Tuesday, 26 September 2023

Ranbaxy's fall from grace

29 May 2013 | Opinion | By Nandita Singh

Ms Nandita Singh, editor, BioSpectrum Asia

Ms Nandita Singh, editor, BioSpectrum Asia

Not long ago, it was one of India's iconic companies. Ranbaxy, which is now a subsidiary of Japanese giant Daiichi Sankyo, has taken a fall from grace. In May, it took a $500 million hit in the form of fines to the US FDA and pleaded guilty to fudging drug data. This came as a shock not only to the industry but also to the nation.

Built with a vision to be an Indian MNC, Ranbaxy was India's pride in the global pharma industry, and was feted in media and various forums for being so. This was a company whose reputation was built on painstaking work spanning over three decades under the leadership of late Dr Parminder Singh. At any given point of time, it employed the best available talent and rode on the fast growing generics market.

In 2008, when its promoter, Mr Malvinder Mohan Singh, sold the family stake to Japan's Daiichi Sankyo for $4.6 billion, the pharma industry in India was literally stupefied with disbelief. Not just at the valuation they got, but more so at the fact that they actually sold it. Everybody thought that a company, which had a fairly enviable list of first-to-file pipeline, was sitting on a goldmine, given that the generics opportunities were multiplying.

However, the reality was a bit different - as has been confirmed now. I had met the young CEO, Mr Malvinder Mohan Singh many months before it became a subsidiary of the Japanese major, Daiichi Sankyo. MMS, as Singh is better known, shared that the competitive pressures are very high and margins are thin. In order to maintain profitability, being the "first-to-file" was the key and the company pursued that aggressively.

It is evident now that in this process, Ranbaxy took short cuts, knowing the risks that were involved. And MMS managed it with much élan exiting Ranbaxy to build the family's other business of a hospital chain. However, through all this, brand Ranbaxy, brand India and even brand Asia has been dented. And a good measure of accountability rests with the leadership team that led Ranbaxy at that point.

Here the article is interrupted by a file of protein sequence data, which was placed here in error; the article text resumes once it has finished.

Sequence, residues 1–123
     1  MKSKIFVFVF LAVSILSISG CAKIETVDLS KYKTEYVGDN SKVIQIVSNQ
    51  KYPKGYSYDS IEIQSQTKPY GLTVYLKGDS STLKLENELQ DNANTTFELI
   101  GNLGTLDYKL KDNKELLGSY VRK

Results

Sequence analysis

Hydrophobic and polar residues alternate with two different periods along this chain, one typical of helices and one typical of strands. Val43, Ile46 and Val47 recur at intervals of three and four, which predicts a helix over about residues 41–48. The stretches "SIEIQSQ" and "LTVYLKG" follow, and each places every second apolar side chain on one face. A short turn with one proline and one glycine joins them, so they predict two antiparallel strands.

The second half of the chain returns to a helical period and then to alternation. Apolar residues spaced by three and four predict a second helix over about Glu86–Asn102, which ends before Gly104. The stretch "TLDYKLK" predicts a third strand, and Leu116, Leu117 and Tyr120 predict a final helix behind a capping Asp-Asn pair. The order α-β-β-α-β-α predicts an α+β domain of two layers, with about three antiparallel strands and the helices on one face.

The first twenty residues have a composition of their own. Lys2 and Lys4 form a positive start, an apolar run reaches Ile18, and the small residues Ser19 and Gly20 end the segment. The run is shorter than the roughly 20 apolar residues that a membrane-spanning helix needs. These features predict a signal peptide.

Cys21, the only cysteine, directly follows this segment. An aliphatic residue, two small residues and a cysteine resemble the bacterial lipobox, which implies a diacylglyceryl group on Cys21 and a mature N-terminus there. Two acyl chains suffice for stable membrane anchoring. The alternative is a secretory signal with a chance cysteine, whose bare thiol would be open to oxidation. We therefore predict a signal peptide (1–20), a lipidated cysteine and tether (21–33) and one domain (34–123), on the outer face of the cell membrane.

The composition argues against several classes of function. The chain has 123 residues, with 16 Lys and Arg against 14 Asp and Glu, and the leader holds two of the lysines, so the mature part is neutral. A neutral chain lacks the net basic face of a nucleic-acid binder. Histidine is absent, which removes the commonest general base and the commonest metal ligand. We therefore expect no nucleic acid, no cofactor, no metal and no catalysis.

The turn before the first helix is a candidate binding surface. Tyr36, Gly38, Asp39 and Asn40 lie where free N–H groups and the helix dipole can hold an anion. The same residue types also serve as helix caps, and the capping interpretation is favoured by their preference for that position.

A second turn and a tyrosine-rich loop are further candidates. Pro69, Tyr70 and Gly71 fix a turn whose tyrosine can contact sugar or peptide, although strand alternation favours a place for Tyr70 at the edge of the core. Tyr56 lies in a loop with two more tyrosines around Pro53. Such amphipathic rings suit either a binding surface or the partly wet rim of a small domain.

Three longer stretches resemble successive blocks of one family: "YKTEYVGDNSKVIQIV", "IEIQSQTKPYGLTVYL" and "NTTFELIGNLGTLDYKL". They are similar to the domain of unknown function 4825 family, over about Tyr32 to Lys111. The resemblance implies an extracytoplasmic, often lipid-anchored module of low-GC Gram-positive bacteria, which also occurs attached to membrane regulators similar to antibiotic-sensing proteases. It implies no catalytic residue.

Its majority-stake owner, Daiichi Sankyo that is now crying foul, and intends to sue Ranbaxy's original promoters for willful concealment of information and misrepresenting facts, has itself failed in its due diligence in 2008. So, enamored was this company with Ranbaxy's potential that it erred and Daiichi Sankyo is paying the price for its hurried acts.

One major fallout of all this is that all of India's generics exporters to US will now face closer scrutiny, which in the overall context is actually a good thing. The US FDA's improved GMP monitoring for Indian manufacturers will ultimately ensure high overall quality. However, India's pharma exporters need to brace up for this.

Although the key issue of ethics in business remains, how far can one go to gain competitive advantage? Self-policing is a plausible solution, but stronger accountability for leadership and a punitive action in case of wrongdoing is a must to drive home the point. And this is the responsibility that the Drug Controller General of India (DCGI) should rise up to. DCGI's office is guilty of a mild response on the case, stating that no violation of laws at home turf has happened.

Ranbaxy's damage control exercise is emphasizing on putting in mechanisms to bring in transparency and contain malpractices. The iconic company can emerge stronger from this and the pharmaceutical industry, where such malpractices are likely to be more rampant than we all are willing to believe, should take an alternative view and actively foster a business culture that values ethics and responsible behavior. It's in everybody's interest. Yes, it is in shareholders interest as well!

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